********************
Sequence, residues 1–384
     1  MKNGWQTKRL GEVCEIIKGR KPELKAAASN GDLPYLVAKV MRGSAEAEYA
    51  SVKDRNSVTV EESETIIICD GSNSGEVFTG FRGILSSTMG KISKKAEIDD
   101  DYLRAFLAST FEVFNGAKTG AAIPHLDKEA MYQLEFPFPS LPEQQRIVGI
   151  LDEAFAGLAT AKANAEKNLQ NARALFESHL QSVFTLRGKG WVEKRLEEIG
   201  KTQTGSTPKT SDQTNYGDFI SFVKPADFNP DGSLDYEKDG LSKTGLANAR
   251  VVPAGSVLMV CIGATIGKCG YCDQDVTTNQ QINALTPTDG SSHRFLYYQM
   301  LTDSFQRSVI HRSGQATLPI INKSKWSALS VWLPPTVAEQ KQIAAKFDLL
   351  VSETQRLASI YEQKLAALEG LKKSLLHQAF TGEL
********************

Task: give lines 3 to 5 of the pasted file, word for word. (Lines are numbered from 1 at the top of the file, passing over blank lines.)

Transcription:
    51  SVKDRNSVTV EESETIIICD GSNSGEVFTG FRGILSSTMG KISKKAEIDD
   101  DYLRAFLAST FEVFNGAKTG AAIPHLDKEA MYQLEFPFPS LPEQQRIVGI
   151  LDEAFAGLAT AKANAEKNLQ NARALFESHL QSVFTLRGKG WVEKRLEEIG